The bond market is different. Many corporate bonds cannot be easily sold. Many are poorly priced. Many are prone to non-payment and falling prices very quickly. And many are misunderstood by non-professional investors due to their intentional complexity.
This is why it’s better to buy an actively managed corporate bond fund from a large institution that has privileged access to this market and a range of research tools to ensure they avoid underperforming issues. What’s more, many of these actively managed funds are now selling at a huge discount while offering impressive yields.
Let’s start with BlackRock. The biggest bond investor in the world, BlackRock’s market access is unparalleled. BlackRock also manages a fund, the BlackRock Debt Strategies Fund (DSU), that has outperformed both HYG and JNK in 2016:
Strong Capital Gains for DSU
That doesn’t mean it’s too late to buy DSU. The fund is trading at a 10% discount to its net asset value (NAV), which means your buying it for just 90 cents on the dollar. So even if defaults rise to over 6%, DSU already has those defaults—and more—priced in.
And with a 6.6% yield paid monthly, its income is on par with HYG and JNK, while managers can ensure investors avoid the rising tide of bankruptcies.
Invesco High Income II fund (VLT) has a similar story behind it, with double-digit capital gains for 2016:
VLT Surges Double-Digits
Meanwhile, the fund’s yield is 7.7% while it’s trading at a 10% discount to NAV, making it a better income provider than HYG and JNK with more capital gains potential. Invesco isn’t a big bond player, but their historical strength in equity ETFs means they have great potential in the bond world. This is a more speculative bet, but the risk of that speculation is rewarded with a monster income stream.
A third actively managed bond fund to consider is the Neuberger Berman High Yield Strategies fund (NHS), which has gone up the most of these junk bond funds—over 15% for 2016:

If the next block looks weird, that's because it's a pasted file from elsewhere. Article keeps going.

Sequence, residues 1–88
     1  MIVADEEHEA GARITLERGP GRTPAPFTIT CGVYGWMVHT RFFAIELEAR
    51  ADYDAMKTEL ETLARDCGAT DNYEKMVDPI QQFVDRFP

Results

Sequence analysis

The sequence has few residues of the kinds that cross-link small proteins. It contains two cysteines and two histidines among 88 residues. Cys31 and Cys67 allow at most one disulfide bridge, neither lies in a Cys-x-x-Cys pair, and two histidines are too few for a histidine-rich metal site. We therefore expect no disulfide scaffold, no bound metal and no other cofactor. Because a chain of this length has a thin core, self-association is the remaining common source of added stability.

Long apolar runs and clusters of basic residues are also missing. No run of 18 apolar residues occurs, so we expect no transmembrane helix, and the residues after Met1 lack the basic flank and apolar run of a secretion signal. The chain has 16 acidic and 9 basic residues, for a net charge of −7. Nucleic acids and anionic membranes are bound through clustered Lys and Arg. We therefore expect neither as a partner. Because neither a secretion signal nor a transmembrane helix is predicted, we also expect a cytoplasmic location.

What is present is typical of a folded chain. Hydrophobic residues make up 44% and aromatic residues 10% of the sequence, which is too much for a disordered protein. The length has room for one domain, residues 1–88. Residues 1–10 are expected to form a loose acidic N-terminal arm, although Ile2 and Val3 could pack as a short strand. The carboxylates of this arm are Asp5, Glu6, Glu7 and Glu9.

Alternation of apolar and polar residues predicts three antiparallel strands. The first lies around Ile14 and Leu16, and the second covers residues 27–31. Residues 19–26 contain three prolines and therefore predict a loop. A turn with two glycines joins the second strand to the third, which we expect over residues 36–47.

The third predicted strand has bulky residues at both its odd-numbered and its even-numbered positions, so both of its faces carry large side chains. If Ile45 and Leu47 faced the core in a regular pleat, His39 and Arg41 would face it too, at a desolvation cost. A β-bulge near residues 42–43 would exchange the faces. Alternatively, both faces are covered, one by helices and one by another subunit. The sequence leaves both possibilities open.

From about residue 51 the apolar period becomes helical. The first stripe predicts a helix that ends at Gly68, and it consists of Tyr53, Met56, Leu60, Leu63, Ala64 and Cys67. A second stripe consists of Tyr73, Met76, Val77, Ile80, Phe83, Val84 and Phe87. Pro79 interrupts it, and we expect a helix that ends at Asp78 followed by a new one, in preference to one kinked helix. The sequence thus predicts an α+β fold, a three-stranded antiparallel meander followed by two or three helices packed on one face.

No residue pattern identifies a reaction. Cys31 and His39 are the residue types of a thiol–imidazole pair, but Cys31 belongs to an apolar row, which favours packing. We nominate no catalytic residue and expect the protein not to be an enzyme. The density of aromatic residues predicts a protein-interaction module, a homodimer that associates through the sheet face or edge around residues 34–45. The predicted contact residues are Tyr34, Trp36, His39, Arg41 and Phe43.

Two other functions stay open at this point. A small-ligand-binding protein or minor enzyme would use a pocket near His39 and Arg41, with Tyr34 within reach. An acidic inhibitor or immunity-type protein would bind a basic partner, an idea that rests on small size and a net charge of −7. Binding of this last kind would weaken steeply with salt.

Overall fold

Up and To the Right
And it’s still not too late. With an 11% discount to NAV, the fund still has room to grow as the fund’s managers prove their ability to deliver income in a rising default environment. What’s more, the fund’s monster 8.2% yield means investors will be amply rewarded for speculating on the fund’s management team.
A portfolio of these three funds provides an income stream over 7% and a less risky exposure to the rising defaults of the corporate bond world. It’s unwise to avoid high yield entirely just because the market has gone up so much—after all, where would you go? And when will the bottom fall? That could take months—and months of sitting in cash means months of lost income.
Instead, I prefer to put together a portfolio of high yield bond funds that are discounted to their value while relying on managers to navigate the rising default world. But I can’t put all my money with them or in the corporate bond market. Fortunately, there is a broad universe of diversified income-producing funds that yield 8% or more, and I can create a broad portfolio with exposure to many assets by buying these funds.
And even better: they’re selling at a discount. Want to know more about this universe of high income funds? Click here and I’ll show you which funds are highly discounted with 8% dividends or more.